Whenever I Google anything surrounding curiosity, I am always amazed at how many of the top sites focus solely on nurturing curiosity in kids.

It has made me curious!

Childhood represents such a short part of our lifespan. So why the imbalance?

Why are adults so interested in nurturing curiosity in their kids but much less so in themselves? Particularly when, as a parent of two teenagers and formerly of two young kids, I am struck at how their curiosity has diminished thus far over their short lives.

It truly feels like we are born innately curious and grow out of it. I, for one, have yet to meet a baby who needs to have their curiosity stimulated. And yet, I’ve coached enough young boys to know that by age 10, a significant number already display the signs of mental tiredness we associate with adults.

All children are born curious – the challenge is remaining curious as we age.

In the language of Carl Jung, the psychoanalyst, this thus feels like a manifestation of society’s shadow around curiosity (and play and other activities considered primarily childish). We are pushing on others (children) what we are denying about ourselves. In some ways, it seems like a collective cry to nurture our own curiosity, which we’ve decided is more suited for children.

In parallel, there is certainly a concern that children be curious about “the right things”. This is in a way anti-curiosity because curiosity, much like play, has no agenda and no purpose beyond itself. And yet, from this formless, shapeless activity comes countless benefits (Curiosity: A Short Manifesto further expands on this point).

My invitation, if you truly want to nurture your kids’ curiosity, is to model it. Nurture your own curiosity. Kids may or may not do what we say but they certainly mimic what we do. Play their games. Let go of your adult tiredness and see the world afresh. Let them teach you how to be curious and build a practice of curiosity that can in turn nourish and inspire theirs as they age.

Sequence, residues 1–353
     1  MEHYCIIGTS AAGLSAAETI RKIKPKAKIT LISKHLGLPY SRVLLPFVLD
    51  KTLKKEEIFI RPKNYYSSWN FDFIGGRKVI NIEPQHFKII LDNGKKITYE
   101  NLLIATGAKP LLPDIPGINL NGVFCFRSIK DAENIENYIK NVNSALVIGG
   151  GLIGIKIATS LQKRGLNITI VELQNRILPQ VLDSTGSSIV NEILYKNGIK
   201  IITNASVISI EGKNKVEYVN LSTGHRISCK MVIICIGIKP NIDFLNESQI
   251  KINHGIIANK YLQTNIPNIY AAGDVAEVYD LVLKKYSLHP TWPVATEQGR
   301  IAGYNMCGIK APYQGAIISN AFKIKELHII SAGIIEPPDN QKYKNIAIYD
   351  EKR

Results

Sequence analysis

Ideas for Cocreating Curiosity

Create a Curiosity Corner: A small space in the house filled with books, interesting objects, maps or anything that can spark curiosity in children or adults.

Question Together: When children ask questions, instead of giving them an answer right away, involve them in the process of finding out. Also, explore the question with them. Is there a deeper question “behind the question“? What does the question assume? What are they not questioning? This can make them appreciate the value of curiosity.

Explore the Outdoors: Nature is an endless source of wonder. Spend time outside, observing, asking questions and fostering a sense of wonder about the world.

Encourage Open-Ended Questions: Teach them – and remind yourself – how to ask questions that require more than a yes-or-no answer and how to avoid binary questions. This fosters deeper connection and conversations and more exploratory thought.

Further Reading for the Curious

  • George Loewenstein’s “The Psychology of Curiosity: A Review and Reinterpretation“: This seminal 24-page paper provides an overview of the psychology of curiosity and elaborates on the conditions that evoke curiosity.
  • Susan Engel’s “The Hungry Mind: The Origins of Curiosity in Childhood” discusses the natural curiosity of children and how it is often discouraged by educational systems. Engel notes that although children are naturally curious, they can lose this trait when it is not fostered.
  • Todd B. Kashdan’s “Curious?” covers the role of curiosity in a fulfilling life. The author argues that curiosity is an essential ingredient for a fulfilling life, suggesting that adults would do well to nurture it in themselves, not just in their children.

Questions in the Image:

  • Why do I want my kids to be more curious?
  • What would I like to teach them?
  • What do they see me doing?
  • What if we were curious together?

Nurturing Curiosity – Daily Practice: This is part of the Nurturing Curiosity series of tools, insights and questions designed to help nurture curiosity as part of our daily practice. In point of fact, every interaction we have is an opportunity to question what we are observing and how we and others are seeing the world. Also remember that questions come in many forms throughout our day – moments of tiredness might prompt us to ask Where might I get some rest? How might I be trying too hard?

What Thoughts Would You Like to Share? My name is Tom O’Leary, and I envision a world in which curiosity shapes leadership. In this world, leaders aren’t boxed in by traditional thinking or established playbooks. They are open to fresh ideas and diverse perspectives, fostering a culture of exploration and learning. My mission is to shift leadership focus from authority, over-measurement and control to curiosity, learning and innovation, empowering leaders to prioritise the essential. My journey, lived in a number of countries and through various languages, has always been driven by a profound sense of curiosity. In fact, life has taught me that possibility lies not so much in seeking answers but in learning to ask better questions – the ones that help prioritise what is truly essential. I welcome your thoughts, feedback, or personal experiences related to these questions or any insights they may have sparked.